Analyzing War Of The Spark’s Impact On SCG Richmond

The results are in, and “The Innovator” is crunching the numbers! What War of the Spark cards came out to play, which looked like complete busts, and where do we go from here?

War of the Spark is finally Standard-legal, and with the first major Standard event in the books, there’s a lot to learn, and a lot to reflect on.

For starters, the Top 8 looked quite a bit different from Day 2. Sure, Mono-Red Aggro and Esper Control were the second- and third-most-popular decks, but the rest of the Top 8 consisted of extremely under-the-radar decks. And what happened to Nexus of Fate?


Day 2 Metagame

Simic Nexus


Mono-Red Aggro


Esper Control


Esper Midrange


Azorius Aggro


Gruul Aggro


Sultai Midrange


Bant Midrange




Various Control


Orzhov Aggro




Nexus of Fate decks skyrocketed in popularity, thanks to an incredible abundance of new and attractive options. For instance, consider ninth-place finisher Tony Norton’s list:

For starters, it’s hard to believe they could have printed as good of a planeswalker for Nexus decks as Tamiyo, Collector of Tales.

Tamiyo, Collector of Tales is an amazing addition to Nexus of Fate decks. Yeah, they’re always glutted on fours, but she is just incredible for them. For starters, she digs to Nexus of Fates extremely quickly. Not only does she look at tons of cards each turn, she is milling the rest of your deck rapidly. Each Chemister’s Insight you flip is an extra card for you, and the smaller your library gets, the more densely it will be packed with Nexus of Fates.

Her -3 is no joke, either.

Need to buy yourself some time? Root Snare is a helluva card to get back with Tamiyo! She’s not the only planeswalker we’re picking up in War of the Spark, however.

Narset just seems excellent to me. Already, she has made waves as a potent sideboard threat against control and Nexus; however, I’m not sure we can’t maindeck her. You get a card (with selection) on the way in, and then if they kill her with a spell, you’ve gotten a two-for-one, and if she lives, you’ll have gotten at least a two-for-one (to say nothing of how disruptive her ability may be). Remember, the disruption has a lot more applications than just messing up Chemister’s Insights and the like.

For instance, with Narset on the battlefield, Risk Factor is a non-issue. Just choose not to take four and Narset will make sure they don’t draw any additional cards. (!)

Narset’s Reversal is solid anti-countermagic countermagic. If someone tries to counter your Nexus of Fate, you can Reversal it in response (even if they had used a Dovin’s Veto). Now, not only do you get an extra turn, you put Nexus of Fate back into your hand, letting you take another turn after that.

Blast Zone is expensive enough to use that it’s hardly revolutionary; however, it is much appreciated in a deck with so little natural interaction. Besides, the opportunity cost is actually quite low, since we get to use it as an untapped land for a while. The main issue for previously existing lists would have been how poorly it plays with Frilled Mystic, but with Tamiyo taking over Frilled Mystic’s spot, that’s not really an issue anymore.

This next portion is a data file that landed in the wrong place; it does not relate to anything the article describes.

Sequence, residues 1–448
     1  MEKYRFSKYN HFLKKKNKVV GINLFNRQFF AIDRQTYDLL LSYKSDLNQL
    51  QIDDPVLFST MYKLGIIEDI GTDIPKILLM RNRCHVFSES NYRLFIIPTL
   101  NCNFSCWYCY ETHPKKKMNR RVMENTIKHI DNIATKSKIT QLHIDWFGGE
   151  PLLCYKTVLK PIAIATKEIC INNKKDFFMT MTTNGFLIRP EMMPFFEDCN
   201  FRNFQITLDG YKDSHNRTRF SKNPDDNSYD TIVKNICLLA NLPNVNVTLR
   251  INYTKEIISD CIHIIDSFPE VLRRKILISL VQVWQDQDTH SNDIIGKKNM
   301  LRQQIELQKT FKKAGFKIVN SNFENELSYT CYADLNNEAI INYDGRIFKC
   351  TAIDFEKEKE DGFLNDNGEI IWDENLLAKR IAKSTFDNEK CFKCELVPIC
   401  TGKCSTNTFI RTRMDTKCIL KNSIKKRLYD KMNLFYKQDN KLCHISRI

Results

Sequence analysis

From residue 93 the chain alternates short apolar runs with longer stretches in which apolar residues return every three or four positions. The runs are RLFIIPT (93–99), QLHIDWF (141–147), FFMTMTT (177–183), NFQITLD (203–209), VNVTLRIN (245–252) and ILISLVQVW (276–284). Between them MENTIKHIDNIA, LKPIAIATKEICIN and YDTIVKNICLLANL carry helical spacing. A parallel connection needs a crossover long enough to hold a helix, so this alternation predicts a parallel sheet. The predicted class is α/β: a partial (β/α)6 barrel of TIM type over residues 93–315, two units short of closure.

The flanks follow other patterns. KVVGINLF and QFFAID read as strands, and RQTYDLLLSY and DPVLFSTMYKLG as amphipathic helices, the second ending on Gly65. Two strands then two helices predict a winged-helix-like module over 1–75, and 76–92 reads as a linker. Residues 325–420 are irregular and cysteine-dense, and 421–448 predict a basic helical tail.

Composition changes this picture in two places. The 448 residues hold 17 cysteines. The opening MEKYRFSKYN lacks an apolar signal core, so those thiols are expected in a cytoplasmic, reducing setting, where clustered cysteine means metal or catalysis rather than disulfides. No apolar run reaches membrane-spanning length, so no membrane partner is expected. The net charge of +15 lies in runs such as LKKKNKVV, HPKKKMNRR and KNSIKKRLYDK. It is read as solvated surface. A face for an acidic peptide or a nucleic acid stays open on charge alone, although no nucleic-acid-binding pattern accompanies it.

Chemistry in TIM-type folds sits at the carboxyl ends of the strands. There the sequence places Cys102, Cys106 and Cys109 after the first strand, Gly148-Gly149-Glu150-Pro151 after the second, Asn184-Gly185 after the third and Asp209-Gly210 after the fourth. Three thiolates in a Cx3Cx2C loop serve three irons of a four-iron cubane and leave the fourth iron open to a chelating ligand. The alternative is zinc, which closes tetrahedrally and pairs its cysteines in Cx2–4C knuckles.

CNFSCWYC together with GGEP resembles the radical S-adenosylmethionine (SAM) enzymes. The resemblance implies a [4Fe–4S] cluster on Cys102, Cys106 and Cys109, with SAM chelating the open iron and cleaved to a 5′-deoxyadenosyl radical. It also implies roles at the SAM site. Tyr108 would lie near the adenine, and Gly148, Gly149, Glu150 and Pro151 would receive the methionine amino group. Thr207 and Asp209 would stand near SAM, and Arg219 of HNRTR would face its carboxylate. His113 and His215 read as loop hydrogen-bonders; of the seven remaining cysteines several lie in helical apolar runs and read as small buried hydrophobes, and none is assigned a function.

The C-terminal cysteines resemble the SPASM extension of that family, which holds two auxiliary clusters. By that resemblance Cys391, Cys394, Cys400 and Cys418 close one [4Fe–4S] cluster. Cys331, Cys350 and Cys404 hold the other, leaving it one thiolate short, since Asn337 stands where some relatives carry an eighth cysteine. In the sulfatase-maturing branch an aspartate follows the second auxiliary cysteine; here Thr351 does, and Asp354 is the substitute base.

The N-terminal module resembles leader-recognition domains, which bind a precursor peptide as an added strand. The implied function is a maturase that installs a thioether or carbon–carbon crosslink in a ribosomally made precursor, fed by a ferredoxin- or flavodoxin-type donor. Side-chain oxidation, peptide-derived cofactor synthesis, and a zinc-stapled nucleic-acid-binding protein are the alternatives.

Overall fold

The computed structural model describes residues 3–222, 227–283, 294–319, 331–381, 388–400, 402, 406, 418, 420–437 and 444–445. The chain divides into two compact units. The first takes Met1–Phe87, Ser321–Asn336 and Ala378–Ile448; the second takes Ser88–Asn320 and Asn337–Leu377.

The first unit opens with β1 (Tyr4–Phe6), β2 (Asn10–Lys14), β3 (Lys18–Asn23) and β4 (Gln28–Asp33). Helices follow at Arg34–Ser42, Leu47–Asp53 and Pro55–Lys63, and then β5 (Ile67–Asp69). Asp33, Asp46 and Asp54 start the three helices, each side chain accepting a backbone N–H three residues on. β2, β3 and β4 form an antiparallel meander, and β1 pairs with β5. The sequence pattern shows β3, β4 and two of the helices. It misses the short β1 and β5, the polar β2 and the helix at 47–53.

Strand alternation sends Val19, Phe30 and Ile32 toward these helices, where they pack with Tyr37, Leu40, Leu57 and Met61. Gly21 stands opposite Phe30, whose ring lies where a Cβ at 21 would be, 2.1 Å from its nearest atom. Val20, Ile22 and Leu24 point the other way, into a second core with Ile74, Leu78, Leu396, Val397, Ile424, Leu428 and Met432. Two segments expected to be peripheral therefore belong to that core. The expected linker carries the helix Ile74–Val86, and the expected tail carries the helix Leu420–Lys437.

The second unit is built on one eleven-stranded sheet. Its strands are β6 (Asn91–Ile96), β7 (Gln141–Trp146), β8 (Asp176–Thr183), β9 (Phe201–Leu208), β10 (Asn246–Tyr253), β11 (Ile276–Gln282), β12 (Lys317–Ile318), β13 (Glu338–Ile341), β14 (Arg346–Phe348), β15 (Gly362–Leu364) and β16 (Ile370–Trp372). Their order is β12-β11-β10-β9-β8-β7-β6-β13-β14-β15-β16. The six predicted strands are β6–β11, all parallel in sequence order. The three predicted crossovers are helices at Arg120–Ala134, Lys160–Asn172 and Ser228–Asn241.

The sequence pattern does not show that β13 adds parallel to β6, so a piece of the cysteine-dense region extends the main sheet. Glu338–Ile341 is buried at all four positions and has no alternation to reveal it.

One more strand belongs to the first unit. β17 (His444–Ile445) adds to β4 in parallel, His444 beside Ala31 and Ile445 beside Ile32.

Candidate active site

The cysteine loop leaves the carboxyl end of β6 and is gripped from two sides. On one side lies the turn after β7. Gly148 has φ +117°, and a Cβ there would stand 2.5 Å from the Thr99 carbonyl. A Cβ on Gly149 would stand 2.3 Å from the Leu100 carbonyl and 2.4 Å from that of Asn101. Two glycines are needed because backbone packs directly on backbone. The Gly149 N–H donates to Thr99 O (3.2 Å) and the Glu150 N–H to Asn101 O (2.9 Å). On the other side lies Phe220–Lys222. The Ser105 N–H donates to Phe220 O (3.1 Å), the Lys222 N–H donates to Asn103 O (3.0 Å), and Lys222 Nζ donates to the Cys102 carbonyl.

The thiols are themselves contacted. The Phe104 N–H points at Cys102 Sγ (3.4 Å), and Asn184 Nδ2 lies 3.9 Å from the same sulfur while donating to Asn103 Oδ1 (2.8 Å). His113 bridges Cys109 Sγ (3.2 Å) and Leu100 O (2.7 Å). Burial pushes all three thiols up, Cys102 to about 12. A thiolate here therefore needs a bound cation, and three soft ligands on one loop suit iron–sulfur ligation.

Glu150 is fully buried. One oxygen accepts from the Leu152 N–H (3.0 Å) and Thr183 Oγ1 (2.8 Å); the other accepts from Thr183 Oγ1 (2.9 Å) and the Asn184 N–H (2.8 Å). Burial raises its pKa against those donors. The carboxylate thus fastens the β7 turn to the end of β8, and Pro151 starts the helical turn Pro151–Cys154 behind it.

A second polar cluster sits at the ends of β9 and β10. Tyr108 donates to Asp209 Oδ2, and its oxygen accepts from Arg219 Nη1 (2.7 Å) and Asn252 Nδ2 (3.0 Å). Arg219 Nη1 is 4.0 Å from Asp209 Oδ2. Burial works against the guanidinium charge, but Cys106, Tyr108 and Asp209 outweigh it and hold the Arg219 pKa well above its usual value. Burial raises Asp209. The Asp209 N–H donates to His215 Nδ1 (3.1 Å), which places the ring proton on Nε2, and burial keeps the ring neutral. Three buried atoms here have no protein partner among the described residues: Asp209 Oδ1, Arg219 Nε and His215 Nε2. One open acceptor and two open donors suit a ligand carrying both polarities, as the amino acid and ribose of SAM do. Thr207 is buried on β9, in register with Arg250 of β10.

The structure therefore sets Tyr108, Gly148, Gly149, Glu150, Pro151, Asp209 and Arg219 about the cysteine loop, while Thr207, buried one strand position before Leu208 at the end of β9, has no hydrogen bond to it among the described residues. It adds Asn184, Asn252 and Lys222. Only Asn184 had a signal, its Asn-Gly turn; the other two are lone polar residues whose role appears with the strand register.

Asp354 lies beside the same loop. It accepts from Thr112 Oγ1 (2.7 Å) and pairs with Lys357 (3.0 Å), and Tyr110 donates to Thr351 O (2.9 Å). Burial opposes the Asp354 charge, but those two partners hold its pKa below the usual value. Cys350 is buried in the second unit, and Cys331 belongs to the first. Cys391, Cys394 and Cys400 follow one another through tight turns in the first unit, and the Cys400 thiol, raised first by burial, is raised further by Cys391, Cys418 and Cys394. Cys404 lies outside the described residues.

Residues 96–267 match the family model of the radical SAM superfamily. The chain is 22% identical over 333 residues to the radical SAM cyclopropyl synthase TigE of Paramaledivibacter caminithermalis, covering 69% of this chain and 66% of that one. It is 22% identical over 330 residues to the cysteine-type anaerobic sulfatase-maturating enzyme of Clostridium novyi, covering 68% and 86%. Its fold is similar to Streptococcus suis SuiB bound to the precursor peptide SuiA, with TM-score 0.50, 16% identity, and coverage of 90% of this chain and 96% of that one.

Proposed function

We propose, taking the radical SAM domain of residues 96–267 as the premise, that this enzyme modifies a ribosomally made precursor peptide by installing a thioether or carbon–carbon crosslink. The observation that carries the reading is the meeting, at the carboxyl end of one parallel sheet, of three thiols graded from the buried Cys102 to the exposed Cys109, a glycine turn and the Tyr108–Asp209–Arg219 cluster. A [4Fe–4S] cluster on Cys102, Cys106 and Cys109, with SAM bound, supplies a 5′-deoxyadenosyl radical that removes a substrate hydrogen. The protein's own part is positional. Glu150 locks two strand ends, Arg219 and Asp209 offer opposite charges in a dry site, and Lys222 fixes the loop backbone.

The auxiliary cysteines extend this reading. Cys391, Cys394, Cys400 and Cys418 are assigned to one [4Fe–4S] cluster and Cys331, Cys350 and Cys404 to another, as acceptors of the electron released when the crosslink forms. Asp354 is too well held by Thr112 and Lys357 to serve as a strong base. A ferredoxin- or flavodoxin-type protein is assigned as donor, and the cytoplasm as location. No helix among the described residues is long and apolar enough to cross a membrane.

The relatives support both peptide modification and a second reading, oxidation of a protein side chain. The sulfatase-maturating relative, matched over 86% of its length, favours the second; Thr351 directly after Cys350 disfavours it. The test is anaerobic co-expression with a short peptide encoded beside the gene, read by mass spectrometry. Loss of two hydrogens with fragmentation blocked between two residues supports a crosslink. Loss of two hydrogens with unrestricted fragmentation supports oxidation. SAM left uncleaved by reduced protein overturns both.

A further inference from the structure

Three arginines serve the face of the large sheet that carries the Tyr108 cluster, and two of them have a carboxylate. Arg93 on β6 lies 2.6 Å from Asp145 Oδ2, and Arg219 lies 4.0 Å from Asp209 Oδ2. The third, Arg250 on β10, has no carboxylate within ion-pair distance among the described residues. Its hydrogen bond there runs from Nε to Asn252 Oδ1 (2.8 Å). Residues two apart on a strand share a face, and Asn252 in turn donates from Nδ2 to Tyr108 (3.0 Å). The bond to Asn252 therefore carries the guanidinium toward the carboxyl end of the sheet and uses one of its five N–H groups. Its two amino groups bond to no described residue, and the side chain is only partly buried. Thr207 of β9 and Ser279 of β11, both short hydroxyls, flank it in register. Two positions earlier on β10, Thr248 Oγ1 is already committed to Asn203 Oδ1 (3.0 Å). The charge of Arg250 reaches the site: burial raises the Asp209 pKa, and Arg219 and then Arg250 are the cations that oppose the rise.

Okay, this one is a little tougher for me to buy. I get that it is sort of a mini-Man-o’-War, but is that really what we’re looking for? Would Augur of Bolas not be better?

I really struggle to see where Arboreal Grazer is worth a sideboard slot. I guess the theory might be that against red or white aggro you could want an early blocker, and the acceleration is helpful for getting the ball rolling. I dunno. I’m skeptical.

Despite being the most popular Day 2 archetype (22.4%), Nexus of Fate decks failed to put anyone in the Top 8. What happened?

Okay, admittedly, there were four in the Top 16, so maybe there was some variance involved, but still, why did Nexus underperform at the end?

If there’s one thing you can count on, it’s Mono-Red doing well Week 1 on the SCG Tour. You would think people would come extra pre-sideboarded with lifegain and cheap defense at this point. Regardless, Mono-Red is not the matchup Nexus of Fate decks are looking for. They are just too fast, and their burn frustratingly sidesteps Root Snare.

I mean, she’s fine, but is that really the right way? She costs the same as Experimental Frenzy, but I like Frenzy better. As things played out, two of the three Mono-Red decks in the Top 8 used Experimental Frenzy; however, it was Will Pulliam who took home the trophy, rocking the new Chandra.

The other new card here is Tibalt, Rakish Instigator:

Tibalt is not some crazy new addition that changes everything. It’s just a solid role-player against lifegain. The tools were already there, and this weekend, red showed up in a big way, bringing Tibalt along for the ride.

Ethan Gaieski’s list featured maindeck Frenzies, though he did have one Chandra in the sideboard to go along with the Risk Factors:

Collins Mullen’s list was more Risk Factor-centric main, with Experimental Frenzy in the sideboard (sans Chandra).

While it was definitely a good weekend for red mages, Esper Control had some mighty fine showings too.

In addition to picking up some sweet, sweet Narset action, Allen utilizes a single copy of Liliana, Dreadhorde General as an alternate win condition (since sometimes stuff happens to Teferi).

Liliana, Dreadhorde General is a solid top-end finisher, especially well-suited to going over the top of midrange decks playing out threes, fours, and fives. The -4 ability is a potent sweeper, killing two creatures (including, potentially, Carnage Tyrant), while leaving us with a very powerful threat.

It’s a little weird how similar Ugin and Liliana are, but they each have pros and cons, and I like seeing a mix here between maindeck and sideboard. Ugin may not have as powerful of an ability to stabilize the battlefield for us, but he does give us a great deal of flexibility, particularly in sideboard games, where opponents are likely to have a variety of one-off threats.

When sideboarded, it’s safe to assume we’ll be especially interested in the passive for locking out opposing counterspells. However, Teferi is also quite maindeckable. It’s a versatile option for early interaction (using the minus to bounce an opposing threat and draw a card). Then, as the game continues, you can get a little bit more safety with end-step draw spells, thanks to Teferi’s passive. What’s more, the +1 ability means Kaya’s Wrath can be cast during your opponent’s attack step (such as against a red deck with a lot of haste).

Enter the God-Eternals is sort of a Dimir Loxodon Hierarch / Flametongue Kavu. It’s great in some spots, medium in others, but it does have some nice synergies (getting hit by Augur of Bolas and Kefnet, flipping your Chemister’s Insight) and it can be used tactically to remove opposing God-Eternals, or just in conjunction with Teferi, Hero of Dominaria. Here, we see it playing merely a sideboard role, but in Dimir and Grixis, we’ll likely see more of it.